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Thread: The beginning of undrestanding

  1. #1
    Zoom Daddy
    Good afternoon. I have been reading you folks for a couple of weeks now and think that I may be starting to understand just what I have gotten myself into.... :jawdrop:
    The Berkly JG should be;
    Lubed with exotic (cus she is special) grease at the thrust bearing.
    Lubed with 90 w lower lube at the boal. (currently has a zerk and a plug)
    Lubed at the U joints with the exotic stuff.
    and whistles, vibes, and other noises are to be investigated via the thrust bearing first.
    Am I following this correctly?

  2. #2
    Yea, you've got a pretty good handle on it. Any good waterproof (preferably marine) bearing grease will do for the thrust bearing, DuaneHTP can set you up with what he reccomends (& I use) for a non-exotic outlay of $$$
    I personally use 85W-140 in my rear bowl bearings because it is what I use on all my vehicles (Mystic JT-7). I'd reccomend treating both of these after every trip to the lake (or weekend trip anyhow)
    The u-joints on the coupler are probably less likely to encounter water seepage than your thrust bearing is but, why not keep it simple and put a squeeze or 2 in them every year of the same stuff.
    Vibrations are usually an object (rock,stick, rope) lodged in the impeller/arround the shaft. also causes cavitation which ruins thrust. Dents & dings on the impeller face causes cavitation, reducing thrust and increases RPM. AExcessive gap from impeller to wear ring allows water to flow from the high-pressure section to the low-pressure intake section (blowby of sorts) which reduces thrust. I run a polyurethane wear ring from DuaneHTP and could NOT be happier. Other vibrations, noises, etc, will usually come from the thrust bearing. If it fails completely, your shaft slides fwd to bottom out on your coupler then pushes with hundrede of pounds of force on your crankshaft thrust bearing (can't say enough how VERY BAD this is) so strange behavior needs to be checked out promptly. It cost a guy on the Taylor Boats Roost Board his crank recently, another guy his suction piece as the impeller literally ate it moving fwd.
    I am running a Berk "F" with factory trim nozzle which has only been rebuilt 3 times since 1978 ('79 by DuaneHTP, '90, and this coming fall/winter (to match recent engine upgrades, budget causing delay). She has behaved flawlessly other than my digesting far to much sand 1 DAY(!) in '90 and grinding the front 1/4" off my impeller against the wear ring. (The gap should be measured in thousandths, not quarters of an inch) They are a very easy drive to care for and mine has not even had the greatest care in recent years untill it passed from Dad's hands to mine 2 years ago.\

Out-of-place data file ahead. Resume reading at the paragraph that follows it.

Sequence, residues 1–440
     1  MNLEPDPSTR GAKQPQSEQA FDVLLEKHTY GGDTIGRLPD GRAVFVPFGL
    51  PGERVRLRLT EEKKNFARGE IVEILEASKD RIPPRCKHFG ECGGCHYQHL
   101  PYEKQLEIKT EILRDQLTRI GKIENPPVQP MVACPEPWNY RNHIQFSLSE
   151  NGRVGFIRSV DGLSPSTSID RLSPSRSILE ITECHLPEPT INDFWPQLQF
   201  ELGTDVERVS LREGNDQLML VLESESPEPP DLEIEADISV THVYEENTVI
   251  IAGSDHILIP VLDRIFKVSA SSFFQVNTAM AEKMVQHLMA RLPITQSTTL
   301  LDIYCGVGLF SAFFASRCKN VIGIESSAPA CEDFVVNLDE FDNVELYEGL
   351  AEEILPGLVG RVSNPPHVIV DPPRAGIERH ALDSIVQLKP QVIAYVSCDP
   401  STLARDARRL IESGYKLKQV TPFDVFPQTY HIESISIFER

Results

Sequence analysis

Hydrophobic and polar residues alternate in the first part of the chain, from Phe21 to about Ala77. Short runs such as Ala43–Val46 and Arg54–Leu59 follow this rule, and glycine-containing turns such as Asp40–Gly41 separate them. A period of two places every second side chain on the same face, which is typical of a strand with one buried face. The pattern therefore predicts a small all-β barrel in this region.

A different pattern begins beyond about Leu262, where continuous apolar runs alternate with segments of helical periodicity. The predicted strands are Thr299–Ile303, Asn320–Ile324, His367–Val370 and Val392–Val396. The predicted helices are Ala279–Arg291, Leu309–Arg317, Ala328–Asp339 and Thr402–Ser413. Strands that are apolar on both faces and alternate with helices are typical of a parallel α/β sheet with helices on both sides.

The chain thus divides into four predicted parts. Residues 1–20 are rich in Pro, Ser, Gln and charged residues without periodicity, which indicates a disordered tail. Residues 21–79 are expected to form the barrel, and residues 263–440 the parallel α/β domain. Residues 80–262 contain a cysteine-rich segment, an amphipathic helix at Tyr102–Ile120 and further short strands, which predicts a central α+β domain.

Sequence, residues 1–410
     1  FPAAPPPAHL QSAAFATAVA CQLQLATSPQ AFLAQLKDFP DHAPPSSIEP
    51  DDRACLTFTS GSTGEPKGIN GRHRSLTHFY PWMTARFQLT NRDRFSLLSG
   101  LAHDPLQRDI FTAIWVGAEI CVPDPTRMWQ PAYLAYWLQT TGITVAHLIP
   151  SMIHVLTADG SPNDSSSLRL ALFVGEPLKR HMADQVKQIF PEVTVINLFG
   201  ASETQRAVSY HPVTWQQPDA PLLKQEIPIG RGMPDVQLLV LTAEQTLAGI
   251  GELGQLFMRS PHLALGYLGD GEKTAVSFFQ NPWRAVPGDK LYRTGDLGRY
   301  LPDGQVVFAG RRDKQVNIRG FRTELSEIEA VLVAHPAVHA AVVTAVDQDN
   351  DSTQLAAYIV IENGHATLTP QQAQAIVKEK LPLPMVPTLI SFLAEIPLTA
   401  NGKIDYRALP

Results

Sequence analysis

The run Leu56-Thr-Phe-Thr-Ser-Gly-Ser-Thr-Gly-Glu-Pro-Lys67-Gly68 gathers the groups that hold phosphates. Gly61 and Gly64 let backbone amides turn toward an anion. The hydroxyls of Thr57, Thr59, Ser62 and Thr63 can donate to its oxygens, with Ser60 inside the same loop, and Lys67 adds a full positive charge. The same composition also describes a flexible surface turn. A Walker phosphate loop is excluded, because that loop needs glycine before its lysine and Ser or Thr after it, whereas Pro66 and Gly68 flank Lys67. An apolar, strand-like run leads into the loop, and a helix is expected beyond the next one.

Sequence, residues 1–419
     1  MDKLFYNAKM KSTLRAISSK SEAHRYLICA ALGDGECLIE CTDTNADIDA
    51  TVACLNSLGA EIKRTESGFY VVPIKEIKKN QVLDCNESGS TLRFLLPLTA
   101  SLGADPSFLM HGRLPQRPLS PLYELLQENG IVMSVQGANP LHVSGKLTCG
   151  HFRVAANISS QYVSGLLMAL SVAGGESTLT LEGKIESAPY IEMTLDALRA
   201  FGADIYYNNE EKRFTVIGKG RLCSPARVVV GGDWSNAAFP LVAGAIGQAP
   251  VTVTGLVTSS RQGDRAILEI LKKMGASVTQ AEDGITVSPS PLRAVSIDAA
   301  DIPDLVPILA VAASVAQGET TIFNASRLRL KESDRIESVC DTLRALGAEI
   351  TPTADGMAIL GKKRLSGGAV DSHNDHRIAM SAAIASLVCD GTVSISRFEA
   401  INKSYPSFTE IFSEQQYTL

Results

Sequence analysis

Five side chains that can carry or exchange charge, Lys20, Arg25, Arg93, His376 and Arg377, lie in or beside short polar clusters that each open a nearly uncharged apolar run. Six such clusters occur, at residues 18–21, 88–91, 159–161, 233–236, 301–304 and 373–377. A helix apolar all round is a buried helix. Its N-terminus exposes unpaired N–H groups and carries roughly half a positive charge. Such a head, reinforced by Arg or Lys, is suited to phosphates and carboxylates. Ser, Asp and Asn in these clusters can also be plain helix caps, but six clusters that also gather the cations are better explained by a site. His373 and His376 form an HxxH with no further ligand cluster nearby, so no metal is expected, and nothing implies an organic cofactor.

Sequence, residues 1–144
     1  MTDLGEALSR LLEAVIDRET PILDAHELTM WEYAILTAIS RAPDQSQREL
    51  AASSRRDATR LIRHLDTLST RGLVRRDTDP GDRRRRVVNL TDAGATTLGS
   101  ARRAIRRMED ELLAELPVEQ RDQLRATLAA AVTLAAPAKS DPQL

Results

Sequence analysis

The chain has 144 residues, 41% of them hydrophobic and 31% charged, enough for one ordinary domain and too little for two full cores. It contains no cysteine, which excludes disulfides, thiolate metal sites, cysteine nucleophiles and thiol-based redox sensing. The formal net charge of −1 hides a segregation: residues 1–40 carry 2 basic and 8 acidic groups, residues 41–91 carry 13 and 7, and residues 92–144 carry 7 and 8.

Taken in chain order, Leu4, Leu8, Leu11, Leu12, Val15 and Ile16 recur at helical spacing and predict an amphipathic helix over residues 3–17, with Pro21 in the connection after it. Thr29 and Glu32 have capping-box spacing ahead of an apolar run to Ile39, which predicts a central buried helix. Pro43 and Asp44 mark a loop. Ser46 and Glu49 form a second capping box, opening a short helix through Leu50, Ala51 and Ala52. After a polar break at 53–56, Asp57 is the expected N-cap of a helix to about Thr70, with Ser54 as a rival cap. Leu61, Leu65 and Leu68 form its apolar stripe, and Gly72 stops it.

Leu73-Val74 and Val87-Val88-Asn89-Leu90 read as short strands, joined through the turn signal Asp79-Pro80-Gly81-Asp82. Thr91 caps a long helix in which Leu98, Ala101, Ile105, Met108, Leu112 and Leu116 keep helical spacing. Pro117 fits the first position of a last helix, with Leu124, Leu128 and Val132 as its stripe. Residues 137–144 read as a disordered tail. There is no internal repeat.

Best of future fun and fortune to you. :clover: :shift:

  3. #3
    Zoom Daddy
    Thanks for the conformation.
    My background is not in boats but I don't need to look hard to spot square port heads and external balancers.
    The previous owner (original) used marine grease on the bowl.
    Should I be concerned? Tear it down this winter or run it (as was the plan before I found this site) until proof of need arises?
    The reason for the search for info is she whistled last time out.
    It sounded like a vacuum leak. Upon inspection I discovered that the spark arrestor was filthy and the vent breather has a type of vent that is connected to the exhaust manifold.
    Cleaned the arrestor, un-kinked the vent hose, greased the bearings. And will listen tomorrow at the lake.

  4. #4
    I wish I learned as fast as Zoom Daddy. It took me years to gain that information...

  5. #5
    Zoom Daddy
    I can’t remember if it was the used throughout bearing or the discovery that reverse is lower than first (should make better burnouts). Maybe two drive shafts, four M-21s, six clutches, two third members, all on one set of tires are making me want to keep the toy for the rest of the family in one piece (the jet is safer for the kids to be around)
    I just don’t want to tear up something that is so dependent on the seasons and weather.

  6. #6
    Dammit. Here's a stupid question.....................
    How do you grease the thrust bearing? I've done all the other stuff meticulously.

  7. #7
    Zoom Daddy
    The only stupid question is one not asked.... been a shoprat for thirty years.
    The exploded diagrams at this site will show you where the thrust bearing is in relation to the jet housing and the engine.The grease point is on the top of the saddle.
    The reason for the concern of the thrust bearing is that the saddle that it rides in is cast into the jet's main body.
    Any damage would require replacement and is seems that the jets are like Ford FE blocks, slowly evaporating, and should be preserved.

  8. #8
    Never mind Looking at the exploded diagram I know I do that too. Dont' know WTF I was thinking.

  9. #9
    It is truly a shame that Jets are no longer the popular machine they once were. I do think they got put in a few heavier platforms where they weren't as well utilized as other drives and so hurt their potential. They have become a niche item, and I intend to stay right here in the niche I enjoy so much. Light boats, big, thumping, powerful engines (what the heck is this "4.3L" toy thing?) :wink: and acceleration that is more than impressive. I haven't had a single friend who has ridden in Lowrider over the years that hasn't been bitten by the "gottahaveone" bug. My Taylor is a good-looking family lake boat that does a great job pulling anything (tubes, skiiers, broken boats, Lice) but she has a lot of muscle hiding out under her upholsterd sundeck/engine cover and is ready to fly at a moment's notice if "provoked". :2purples:

  10. #10
    Very nicely said low rider...

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